Monday, April 8, 2019

Wild Party

Wild Party written by Andrew Lippa is running at Theater West End (115 W 1st St, Sanford, FL 32771) through April 14, 2019. The play was based on a poem by Joseph Moncure March. The poem was widely banned when it was published back in 1928, first in Boston, because people felt the content was lewd. This musical was equally lewd and lascivious which is it's strength.

Queenie (Kristen Sheola), was a hard working burlesque dancer whose lover, Burrs (Preston Ellis), a vaudeville show clown, became abusive. At first that violent side of him excited her but  soon it scared her. After Burrs essentially rapes her, Queenie decides to throw a lavish party with the hopes of putting her lover in his place by letting him make a fool of himself.

The party flared up with an amazing cast of friends, Madelaine the lesbian (Wendy Starkland), Eddie the thug (Casey Sweeney), Mae the dimwit (Bernadette Siudock), Jackie the dancer (Cody McNeeley), Dolores the hooker (Elizabeth Christie), and Nadine the minor (Sarah Huff). Kate (Michelle Knight) arrived with a flourish and quickly devoured the attention of everyone in the party. She arrived with a friend, Mr. Black (Terrance J. Jamison).

Queenie placed her trust in Mr. Black and fell for him hard while Kate fell for the abusive Burrs although he had no interest in her. He became enraged when Queenie and Mr. Black danced. To diffuse the situation Kate pulled Queenie from Mr. Blacks arms and danced with Queenie herself. As the party raged on the drama of this love triangle grew to a boil.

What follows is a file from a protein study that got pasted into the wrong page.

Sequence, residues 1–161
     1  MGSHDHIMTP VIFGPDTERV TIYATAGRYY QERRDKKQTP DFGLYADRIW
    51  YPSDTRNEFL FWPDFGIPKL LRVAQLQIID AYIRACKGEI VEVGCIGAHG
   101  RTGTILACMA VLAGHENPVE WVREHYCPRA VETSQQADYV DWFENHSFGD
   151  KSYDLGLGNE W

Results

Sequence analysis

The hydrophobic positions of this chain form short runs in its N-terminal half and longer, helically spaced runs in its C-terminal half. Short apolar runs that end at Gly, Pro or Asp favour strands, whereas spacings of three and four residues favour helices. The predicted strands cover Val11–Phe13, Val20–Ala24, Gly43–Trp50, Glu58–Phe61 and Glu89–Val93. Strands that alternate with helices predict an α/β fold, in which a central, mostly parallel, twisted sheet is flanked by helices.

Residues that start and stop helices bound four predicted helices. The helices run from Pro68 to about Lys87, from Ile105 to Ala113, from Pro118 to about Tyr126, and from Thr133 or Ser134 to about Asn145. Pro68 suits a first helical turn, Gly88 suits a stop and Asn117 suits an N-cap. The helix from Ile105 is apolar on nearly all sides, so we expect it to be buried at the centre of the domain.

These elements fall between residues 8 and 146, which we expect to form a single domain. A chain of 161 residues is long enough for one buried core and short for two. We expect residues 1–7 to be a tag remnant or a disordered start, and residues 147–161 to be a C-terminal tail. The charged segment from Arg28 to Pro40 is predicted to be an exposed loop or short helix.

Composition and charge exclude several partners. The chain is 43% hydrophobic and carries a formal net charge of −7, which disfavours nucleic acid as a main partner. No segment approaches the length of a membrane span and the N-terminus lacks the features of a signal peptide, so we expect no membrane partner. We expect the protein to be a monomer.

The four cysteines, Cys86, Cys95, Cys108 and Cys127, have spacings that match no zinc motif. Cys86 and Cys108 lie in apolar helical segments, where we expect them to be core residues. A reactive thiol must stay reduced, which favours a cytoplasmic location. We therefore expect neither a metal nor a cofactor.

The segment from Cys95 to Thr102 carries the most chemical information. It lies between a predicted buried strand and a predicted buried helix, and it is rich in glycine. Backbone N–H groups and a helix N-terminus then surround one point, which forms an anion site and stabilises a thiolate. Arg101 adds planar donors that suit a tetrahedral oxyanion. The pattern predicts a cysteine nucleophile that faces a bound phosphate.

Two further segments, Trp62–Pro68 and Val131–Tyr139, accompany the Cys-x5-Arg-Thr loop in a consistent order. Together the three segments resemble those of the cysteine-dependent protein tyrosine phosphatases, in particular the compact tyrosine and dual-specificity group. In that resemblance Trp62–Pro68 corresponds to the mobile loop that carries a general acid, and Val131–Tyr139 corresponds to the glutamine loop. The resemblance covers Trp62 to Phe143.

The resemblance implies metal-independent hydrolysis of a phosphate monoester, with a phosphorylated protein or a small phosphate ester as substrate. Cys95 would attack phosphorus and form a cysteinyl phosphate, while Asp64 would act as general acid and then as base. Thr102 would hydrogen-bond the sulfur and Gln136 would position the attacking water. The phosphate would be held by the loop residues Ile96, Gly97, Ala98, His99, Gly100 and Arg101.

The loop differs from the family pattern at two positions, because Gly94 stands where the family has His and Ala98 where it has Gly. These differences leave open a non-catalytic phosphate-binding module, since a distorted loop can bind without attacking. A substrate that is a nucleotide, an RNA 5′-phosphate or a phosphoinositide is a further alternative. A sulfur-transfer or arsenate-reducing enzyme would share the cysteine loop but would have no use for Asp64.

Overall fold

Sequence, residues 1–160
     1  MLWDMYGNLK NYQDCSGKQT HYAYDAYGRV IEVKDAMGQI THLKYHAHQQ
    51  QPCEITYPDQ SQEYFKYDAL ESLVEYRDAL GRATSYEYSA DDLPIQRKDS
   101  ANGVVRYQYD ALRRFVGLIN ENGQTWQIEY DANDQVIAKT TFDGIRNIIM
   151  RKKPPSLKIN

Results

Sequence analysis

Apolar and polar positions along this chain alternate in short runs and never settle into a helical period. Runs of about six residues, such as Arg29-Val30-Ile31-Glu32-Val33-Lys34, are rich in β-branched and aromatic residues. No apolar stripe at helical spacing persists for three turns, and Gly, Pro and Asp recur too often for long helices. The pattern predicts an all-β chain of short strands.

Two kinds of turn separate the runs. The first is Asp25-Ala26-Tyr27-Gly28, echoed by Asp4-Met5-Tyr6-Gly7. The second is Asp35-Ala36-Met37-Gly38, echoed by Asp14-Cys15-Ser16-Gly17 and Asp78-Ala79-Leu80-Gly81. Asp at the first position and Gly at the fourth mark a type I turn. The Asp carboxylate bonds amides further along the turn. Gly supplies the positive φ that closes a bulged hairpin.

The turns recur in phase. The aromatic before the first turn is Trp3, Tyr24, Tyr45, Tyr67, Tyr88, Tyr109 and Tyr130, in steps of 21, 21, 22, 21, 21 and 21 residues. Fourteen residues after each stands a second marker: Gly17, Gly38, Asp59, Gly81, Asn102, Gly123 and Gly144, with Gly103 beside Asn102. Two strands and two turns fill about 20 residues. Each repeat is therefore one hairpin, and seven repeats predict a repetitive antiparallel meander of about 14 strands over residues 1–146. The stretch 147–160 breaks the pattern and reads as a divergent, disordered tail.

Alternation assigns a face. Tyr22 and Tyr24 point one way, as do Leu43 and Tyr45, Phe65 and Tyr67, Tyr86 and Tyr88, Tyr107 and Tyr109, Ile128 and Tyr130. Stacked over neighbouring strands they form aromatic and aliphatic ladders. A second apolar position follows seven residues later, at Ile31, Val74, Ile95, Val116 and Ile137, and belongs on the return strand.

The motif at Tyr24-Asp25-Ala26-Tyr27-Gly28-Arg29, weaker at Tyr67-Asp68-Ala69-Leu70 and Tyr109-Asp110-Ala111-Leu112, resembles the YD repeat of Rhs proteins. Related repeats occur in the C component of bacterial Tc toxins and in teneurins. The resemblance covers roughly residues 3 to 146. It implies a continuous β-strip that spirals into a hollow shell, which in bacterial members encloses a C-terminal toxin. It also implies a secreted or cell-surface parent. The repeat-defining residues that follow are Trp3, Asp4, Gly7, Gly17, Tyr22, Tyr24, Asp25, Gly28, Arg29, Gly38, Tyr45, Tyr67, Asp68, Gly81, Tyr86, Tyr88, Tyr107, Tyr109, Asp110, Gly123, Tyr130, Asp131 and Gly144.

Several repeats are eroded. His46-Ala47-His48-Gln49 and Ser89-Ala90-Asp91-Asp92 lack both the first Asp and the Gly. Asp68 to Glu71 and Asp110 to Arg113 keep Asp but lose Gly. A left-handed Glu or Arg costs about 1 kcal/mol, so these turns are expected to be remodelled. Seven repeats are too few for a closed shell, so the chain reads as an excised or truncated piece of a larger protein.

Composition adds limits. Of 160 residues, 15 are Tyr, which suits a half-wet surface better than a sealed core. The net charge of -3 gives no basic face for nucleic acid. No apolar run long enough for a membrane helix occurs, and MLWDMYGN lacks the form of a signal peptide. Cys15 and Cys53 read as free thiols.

Michelle Knight belted out her songs with confidence but sadly the acoustics in the theater were harsh making it impossible to hear any of the lyrics. It might have been that the band was loud and overpowered the words but I followed the show not knowing what was being sing relying on the gestures and staging to follow the show like a silent movie.

It was definitely a powerful production. If seated up front in the cabaret tables you would be right on top of the action. Pam and I were seated in the last row so that the glow of my screen would not be seen by anyone else in the audience. The walls of the theater are brick with a metal ceiling. Perhaps the sound just bounced around like in a noisy bar, which could be good if I was able to pick out lyrics. Despite this, I loved sketching the show. Colors changed constantly like in a dance hall. The creative challenges kept me engaged as the wild party turned violent.

Tickets are $22 for an individual or $50 for the dinner package.

Prints are available for each sketch for $250 and many originals can be purchased for $400. White museum grade shadow box frames are $100 more. You can e-mail Thor at

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